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ARS Home » Research » Publications at this Location » Publication #103314


item Paape, Max

Submitted to: Domestic Animal Endocrinology
Publication Type: Abstract Only
Publication Acceptance Date: 8/10/1999
Publication Date: N/A
Citation: N/A

Interpretive Summary:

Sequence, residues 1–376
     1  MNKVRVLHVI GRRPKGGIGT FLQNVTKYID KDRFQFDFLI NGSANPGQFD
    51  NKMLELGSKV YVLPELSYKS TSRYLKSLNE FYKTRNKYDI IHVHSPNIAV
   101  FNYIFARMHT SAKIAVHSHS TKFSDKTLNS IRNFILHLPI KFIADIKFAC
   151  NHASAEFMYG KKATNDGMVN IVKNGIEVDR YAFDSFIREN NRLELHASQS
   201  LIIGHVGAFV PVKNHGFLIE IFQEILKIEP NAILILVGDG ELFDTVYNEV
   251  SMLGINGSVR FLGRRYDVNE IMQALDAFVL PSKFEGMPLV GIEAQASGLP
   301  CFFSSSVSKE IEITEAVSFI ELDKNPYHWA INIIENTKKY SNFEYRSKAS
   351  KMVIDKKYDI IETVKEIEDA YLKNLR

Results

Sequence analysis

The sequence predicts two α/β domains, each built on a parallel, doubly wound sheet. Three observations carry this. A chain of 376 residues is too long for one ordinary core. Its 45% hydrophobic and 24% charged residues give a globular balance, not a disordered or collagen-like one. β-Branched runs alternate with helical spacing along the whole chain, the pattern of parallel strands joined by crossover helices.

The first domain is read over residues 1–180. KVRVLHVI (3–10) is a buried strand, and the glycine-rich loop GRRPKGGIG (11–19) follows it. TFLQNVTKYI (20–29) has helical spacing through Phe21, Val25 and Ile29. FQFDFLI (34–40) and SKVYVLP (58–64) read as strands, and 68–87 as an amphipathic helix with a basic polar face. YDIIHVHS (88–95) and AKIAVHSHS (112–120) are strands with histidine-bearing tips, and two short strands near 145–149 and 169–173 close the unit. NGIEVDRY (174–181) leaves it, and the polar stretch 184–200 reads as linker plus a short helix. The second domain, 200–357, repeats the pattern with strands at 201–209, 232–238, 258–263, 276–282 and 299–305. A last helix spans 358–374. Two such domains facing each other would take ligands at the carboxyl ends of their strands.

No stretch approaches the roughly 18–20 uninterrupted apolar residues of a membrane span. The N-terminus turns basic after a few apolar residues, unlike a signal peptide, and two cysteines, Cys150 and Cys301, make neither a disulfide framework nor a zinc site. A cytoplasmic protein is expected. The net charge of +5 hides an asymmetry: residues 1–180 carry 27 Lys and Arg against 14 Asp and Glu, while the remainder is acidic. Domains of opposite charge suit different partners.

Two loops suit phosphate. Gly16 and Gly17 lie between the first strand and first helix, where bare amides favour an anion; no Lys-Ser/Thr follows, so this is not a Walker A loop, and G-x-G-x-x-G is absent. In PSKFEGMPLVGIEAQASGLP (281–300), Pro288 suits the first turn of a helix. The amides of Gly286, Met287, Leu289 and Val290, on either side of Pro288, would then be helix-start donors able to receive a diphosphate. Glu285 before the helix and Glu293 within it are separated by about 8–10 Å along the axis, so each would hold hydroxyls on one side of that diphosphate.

Technical Abstract: Neutrophil polymorphonuclear leukocytes (PMN) and macrophages are the major phagocytic cells within the udder. PMN are capable of phagocytosing a wide variety of particles (microorganisms, milk fat globules, casein). Studies of PMN function indicate that milk fat globules and casein are significant deterrents to phagocytosis and destruction of mastitis pathogens by PMN in milk. These deterrents could be a major factor in establishment of intramammary infections by invading mastitis pathogens. Milking causes directed migration of healthy PMN into the mammary gland and removal of PMN whose functions were compromised by milk components. Further observations on PMN function indicate that considerable variation exists among cows in the ability of PMN to phagocytose and kill bacteria and in the ability of milk to support those PMN functions. In uninfected mammary glands, macrophages are the predominate cells. They act as sentinels to invading mastitis causing pathogens. Once the invaders are detected, macrophages release chemical messengers called chemoattratants that cause the directed igration of PMN into the infection site. Once there, PMN phagocytose and destroy the invading pathogens. Specific ligands on the neutrophil surface are required for recognition of bacteria and phagocytosis PMN release toxic chemicals that also destroy milk secretory cells. Resident and newly migrated macrophages help reduce the damage to the epithelium by phagocytosing PMN through a process called apoptosis. Advances in molecular biology are making available new therapeutics for the treatment and prevention of mastitis in dairy cows.